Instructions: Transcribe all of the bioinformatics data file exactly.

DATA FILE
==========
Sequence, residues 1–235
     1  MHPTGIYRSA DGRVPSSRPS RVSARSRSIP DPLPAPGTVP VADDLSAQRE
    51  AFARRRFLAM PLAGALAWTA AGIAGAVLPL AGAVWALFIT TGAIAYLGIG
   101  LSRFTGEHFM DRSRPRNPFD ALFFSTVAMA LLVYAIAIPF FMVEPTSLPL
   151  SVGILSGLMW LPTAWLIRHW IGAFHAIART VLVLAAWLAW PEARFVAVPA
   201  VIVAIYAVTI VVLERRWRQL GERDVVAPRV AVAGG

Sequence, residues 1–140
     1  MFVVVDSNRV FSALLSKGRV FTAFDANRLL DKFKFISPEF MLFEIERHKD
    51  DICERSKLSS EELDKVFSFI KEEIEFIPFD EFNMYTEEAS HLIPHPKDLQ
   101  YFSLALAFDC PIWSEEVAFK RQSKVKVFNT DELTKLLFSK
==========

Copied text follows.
Sequence, residues 1–235
     1  MHPTGIYRSA DGRVPSSRPS RVSARSRSIP DPLPAPGTVP VADDLSAQRE
    51  AFARRRFLAM PLAGALAWTA AGIAGAVLPL AGAVWALFIT TGAIAYLGIG
   101  LSRFTGEHFM DRSRPRNPFD ALFFSTVAMA LLVYAIAIPF FMVEPTSLPL
   151  SVGILSGLMW LPTAWLIRHW IGAFHAIART VLVLAAWLAW PEARFVAVPA
   201  VIVAIYAVTI VVLERRWRQL GERDVVAPRV AVAGG

Sequence, residues 1–140
     1  MFVVVDSNRV FSALLSKGRV FTAFDANRLL DKFKFISPEF MLFEIERHKD
    51  DICERSKLSS EELDKVFSFI KEEIEFIPFD EFNMYTEEAS HLIPHPKDLQ
   101  YFSLALAFDC PIWSEEVAFK RQSKVKVFNT DELTKLLFSK